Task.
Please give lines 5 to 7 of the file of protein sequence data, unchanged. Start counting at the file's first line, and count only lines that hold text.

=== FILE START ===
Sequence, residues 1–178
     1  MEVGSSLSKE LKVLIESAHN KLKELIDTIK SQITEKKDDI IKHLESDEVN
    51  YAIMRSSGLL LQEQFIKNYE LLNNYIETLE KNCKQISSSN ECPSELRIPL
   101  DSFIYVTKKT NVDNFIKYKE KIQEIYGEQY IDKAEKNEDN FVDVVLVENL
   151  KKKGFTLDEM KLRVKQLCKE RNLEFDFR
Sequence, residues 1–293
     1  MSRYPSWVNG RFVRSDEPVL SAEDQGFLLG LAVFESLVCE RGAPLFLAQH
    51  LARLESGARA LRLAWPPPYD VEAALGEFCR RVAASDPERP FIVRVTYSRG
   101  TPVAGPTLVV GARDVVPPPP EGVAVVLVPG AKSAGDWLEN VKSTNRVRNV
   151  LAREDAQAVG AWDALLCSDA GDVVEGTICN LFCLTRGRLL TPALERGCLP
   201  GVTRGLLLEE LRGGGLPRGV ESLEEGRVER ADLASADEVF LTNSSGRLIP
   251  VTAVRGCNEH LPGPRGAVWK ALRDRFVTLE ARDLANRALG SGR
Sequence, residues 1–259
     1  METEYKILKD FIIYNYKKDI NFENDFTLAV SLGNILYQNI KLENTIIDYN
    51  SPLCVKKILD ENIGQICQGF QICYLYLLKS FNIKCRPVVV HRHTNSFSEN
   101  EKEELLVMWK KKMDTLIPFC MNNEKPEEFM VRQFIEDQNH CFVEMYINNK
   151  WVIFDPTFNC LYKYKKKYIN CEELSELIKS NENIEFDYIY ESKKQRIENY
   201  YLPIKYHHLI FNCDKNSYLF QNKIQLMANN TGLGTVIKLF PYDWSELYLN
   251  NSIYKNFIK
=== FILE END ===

   151  KKKGFTLDEM KLRVKQLCKE RNLEFDFR
Sequence, residues 1–293
     1  MSRYPSWVNG RFVRSDEPVL SAEDQGFLLG LAVFESLVCE RGAPLFLAQH